Financial Consumers Can Only Avoid Arbitration By Using A Credit Union

CFPBS Preliminary Report

Say it’s twenty degrees below zero outside, and you’d already seen boiling water turn into “snow” immediately upon making contact with the air, what would you do next?  Assuming you were all caught up on your Words With Friends games, you would read the 168-page initial report of the Consumer Finance Protection Bureau about arbitration!  This well-written report is the CFPB’s preliminary findings about consumer financial arbitration, which is that agency’s homework assignment under the Dodd-Frank Act.  In short, the study does a nice job finding statistics where statistics are hard to come by, confirming some things that we all knew from reading the case law in the last few years, and shedding light in a few areas.

The study focused on the “front end” of arbitration — when arbitration is required by contracts, what the arbitration agreement says, who demands arbitration after there is a dispute, the dollar amount at dispute, and who is represented by counsel.  Not, in other words, who won.  It also focused on three specific types of financial contracts that consumers enter into: credit card agreements, checking account agreements, and general purpose reloadable prepaid cards (which I had never heard of before reading the report).

In the “not surprising” category are these findings:

  • “Nearly all” of the arbitration agreements reviewed prohibited class arbitration;
  • The American Arbitration Association is the venue of choice for most consumer financial arbitration agreements;
  • Larger banks are more likely to use arbitration clauses in their credit card and checking agreements than smaller institutions; and
  • Most of the arbitration agreements studied allowed parties to bring low-dollar claims in small claims court.

In the “really? a banana will freeze into something as hard as a hammer” category are these findings:

  • Overall, only 50.2% of outstanding credit card loans were subject to arbitration agreements. (This number may increase markedly in the coming year or so, now that a settlement-induced 42-month hiatus from arbitration agreements has expired for the four biggest issuers.  If those four issuers were using arbitration clauses in this study, 94% of all credit card loans would have been subject to arbitration agreements.)  Only 3.3% of credit unions used arbitration clauses in their credit card agreements;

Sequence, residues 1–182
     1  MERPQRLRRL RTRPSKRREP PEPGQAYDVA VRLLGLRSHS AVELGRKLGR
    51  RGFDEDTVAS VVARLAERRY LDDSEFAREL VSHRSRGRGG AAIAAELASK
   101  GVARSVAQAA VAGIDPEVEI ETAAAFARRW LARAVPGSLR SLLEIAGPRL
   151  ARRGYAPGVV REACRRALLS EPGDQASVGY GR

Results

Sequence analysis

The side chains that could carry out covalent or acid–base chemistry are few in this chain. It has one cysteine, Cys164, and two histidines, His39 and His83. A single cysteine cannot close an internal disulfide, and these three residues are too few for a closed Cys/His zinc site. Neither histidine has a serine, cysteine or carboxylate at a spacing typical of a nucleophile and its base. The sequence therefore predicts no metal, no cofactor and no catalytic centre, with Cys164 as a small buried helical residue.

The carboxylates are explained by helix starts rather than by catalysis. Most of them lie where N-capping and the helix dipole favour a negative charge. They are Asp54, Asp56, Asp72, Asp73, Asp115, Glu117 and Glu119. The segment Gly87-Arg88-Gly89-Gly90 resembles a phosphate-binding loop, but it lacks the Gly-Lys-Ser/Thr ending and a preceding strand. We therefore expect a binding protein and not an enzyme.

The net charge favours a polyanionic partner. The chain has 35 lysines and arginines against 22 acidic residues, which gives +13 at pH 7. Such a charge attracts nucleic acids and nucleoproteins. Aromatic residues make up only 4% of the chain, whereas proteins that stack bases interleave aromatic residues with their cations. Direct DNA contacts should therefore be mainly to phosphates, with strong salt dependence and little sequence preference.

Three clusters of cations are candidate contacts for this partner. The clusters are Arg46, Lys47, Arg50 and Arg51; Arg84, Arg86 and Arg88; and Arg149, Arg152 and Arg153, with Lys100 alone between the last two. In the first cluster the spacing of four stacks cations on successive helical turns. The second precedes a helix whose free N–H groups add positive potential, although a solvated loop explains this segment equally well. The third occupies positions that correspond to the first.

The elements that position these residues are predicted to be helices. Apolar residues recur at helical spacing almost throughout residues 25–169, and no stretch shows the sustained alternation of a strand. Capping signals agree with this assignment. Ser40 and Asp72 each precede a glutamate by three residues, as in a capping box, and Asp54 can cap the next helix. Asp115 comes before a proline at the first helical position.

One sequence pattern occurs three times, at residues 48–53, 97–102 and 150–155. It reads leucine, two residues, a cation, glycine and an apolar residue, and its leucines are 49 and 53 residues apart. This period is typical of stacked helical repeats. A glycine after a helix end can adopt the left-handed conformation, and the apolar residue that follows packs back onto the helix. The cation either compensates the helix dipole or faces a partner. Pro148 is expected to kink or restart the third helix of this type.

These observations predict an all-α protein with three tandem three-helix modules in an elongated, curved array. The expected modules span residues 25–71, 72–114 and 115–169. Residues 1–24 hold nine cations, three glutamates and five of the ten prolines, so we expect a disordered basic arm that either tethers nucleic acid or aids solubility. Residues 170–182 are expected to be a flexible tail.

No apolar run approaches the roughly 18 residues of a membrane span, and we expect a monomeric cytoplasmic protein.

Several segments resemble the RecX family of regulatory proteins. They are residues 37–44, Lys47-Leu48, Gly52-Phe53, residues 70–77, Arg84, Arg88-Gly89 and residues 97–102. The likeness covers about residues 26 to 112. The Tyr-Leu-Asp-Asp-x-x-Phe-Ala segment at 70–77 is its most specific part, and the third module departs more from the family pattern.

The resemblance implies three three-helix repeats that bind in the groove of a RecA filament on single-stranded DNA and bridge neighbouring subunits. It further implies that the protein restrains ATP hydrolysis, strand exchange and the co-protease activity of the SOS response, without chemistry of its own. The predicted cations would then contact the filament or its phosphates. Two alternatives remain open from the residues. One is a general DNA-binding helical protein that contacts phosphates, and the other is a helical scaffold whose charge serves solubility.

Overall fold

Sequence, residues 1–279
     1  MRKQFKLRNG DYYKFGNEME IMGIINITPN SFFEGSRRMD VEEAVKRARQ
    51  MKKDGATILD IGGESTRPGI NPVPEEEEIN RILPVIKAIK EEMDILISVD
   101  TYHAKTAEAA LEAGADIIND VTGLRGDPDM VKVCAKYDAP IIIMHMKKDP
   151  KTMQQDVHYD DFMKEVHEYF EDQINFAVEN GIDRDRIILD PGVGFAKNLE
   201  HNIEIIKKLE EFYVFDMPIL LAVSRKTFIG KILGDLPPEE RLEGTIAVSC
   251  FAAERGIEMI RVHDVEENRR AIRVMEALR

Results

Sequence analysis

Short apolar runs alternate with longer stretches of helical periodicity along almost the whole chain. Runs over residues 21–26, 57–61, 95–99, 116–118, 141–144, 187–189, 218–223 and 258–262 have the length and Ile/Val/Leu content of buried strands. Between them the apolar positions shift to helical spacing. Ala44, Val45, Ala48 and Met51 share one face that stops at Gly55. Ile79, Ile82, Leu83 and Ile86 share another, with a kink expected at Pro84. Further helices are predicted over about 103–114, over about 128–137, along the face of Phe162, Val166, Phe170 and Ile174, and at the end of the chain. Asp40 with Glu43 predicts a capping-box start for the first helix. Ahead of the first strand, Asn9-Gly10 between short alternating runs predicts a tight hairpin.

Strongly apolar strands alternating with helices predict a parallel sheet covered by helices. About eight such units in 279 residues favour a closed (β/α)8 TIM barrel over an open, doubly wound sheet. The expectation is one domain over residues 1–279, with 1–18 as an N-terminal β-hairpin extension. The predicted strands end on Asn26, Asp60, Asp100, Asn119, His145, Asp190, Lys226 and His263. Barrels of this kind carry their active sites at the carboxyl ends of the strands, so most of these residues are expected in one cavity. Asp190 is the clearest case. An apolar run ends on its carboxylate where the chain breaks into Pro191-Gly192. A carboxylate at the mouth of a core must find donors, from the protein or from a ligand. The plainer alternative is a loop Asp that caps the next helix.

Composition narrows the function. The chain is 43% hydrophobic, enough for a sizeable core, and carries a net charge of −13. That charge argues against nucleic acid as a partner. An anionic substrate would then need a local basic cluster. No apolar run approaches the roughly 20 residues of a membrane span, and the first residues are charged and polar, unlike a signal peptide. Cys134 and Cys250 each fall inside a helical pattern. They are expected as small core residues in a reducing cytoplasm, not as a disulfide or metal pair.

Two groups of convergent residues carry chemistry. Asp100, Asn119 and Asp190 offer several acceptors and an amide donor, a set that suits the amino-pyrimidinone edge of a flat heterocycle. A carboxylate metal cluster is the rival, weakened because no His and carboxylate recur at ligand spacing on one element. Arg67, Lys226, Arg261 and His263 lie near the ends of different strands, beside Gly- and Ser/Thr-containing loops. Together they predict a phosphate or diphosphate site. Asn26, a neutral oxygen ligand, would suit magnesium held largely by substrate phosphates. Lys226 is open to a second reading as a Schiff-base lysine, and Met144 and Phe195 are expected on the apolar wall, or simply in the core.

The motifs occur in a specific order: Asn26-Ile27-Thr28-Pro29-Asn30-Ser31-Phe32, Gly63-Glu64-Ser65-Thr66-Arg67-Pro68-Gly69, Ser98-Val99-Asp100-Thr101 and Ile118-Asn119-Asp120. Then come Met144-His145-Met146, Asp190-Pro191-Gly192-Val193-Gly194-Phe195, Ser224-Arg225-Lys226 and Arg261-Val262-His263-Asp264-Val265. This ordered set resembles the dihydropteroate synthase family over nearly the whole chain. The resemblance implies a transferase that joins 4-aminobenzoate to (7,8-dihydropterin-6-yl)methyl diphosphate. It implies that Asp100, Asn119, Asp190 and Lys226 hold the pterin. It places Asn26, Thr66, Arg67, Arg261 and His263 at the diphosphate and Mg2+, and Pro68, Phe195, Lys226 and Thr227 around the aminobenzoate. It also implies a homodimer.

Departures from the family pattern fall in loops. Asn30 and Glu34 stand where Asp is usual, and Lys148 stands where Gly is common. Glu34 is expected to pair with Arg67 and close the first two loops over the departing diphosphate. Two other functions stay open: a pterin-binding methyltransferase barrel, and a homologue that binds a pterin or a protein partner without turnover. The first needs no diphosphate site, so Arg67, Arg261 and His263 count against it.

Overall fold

• A majority of the arbitration clauses studied explicitly delegated disputes about the enforceability of the arbitration agreement itself to the arbitrator (but a significant minority actually have “anti-delegation” clauses);
  • The average arbitration clause in a credit card agreements was just over 1,000 words and gets a low score on “readability” (but, to be fair, so would this blog…);
  • About 1/4 of arbitration clauses in credit card and checking agreements allow consumers to opt-out of arbitration within an early window of time;
  • Concepcion has had no discernible impact on arbitration clauses in credit card agreements, neither in their overall usage nor in how frequently they preclude class actions.  Both figures have stayed constant over the past three years (although there has been some increase in checking account agreements that provide for arbitration and preclude class arbitration);
  • Roughly half of consumers had counsel at some time during the arbitration proceeding;
  • Almost no individual cases in these categories had less than $1,000 in dispute.  In fact, the average amount in dispute between 2010-2012 was $38,726;
  • The AAA handles an average of 415 cases a year on these topics, the majority of which relate to credit card agreements, and half of those are debt collection disputes (while approx. 80 million credit card holders are subject to arbitration agreements and tens of millions have checking accounts requiring arbitration).  Most of those case are filed by the consumers;
  • About 3/4 of consumers who have counsel are represented by repeat players — lawyers who regularly represent consumers in financial arbitrations; and
  • Similarly, about 4/5 of companies in these disputes are represented by counsel who are repeat players.

This study gives Congress, and the rest of us, a better picture of how arbitration is being used in the financial industry.  The CFPB’s next report will cover these topics more comprehensively, as well as tackling other topics like class arbitration and the disposition of consumer arbitrations.

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By Liz Kramer

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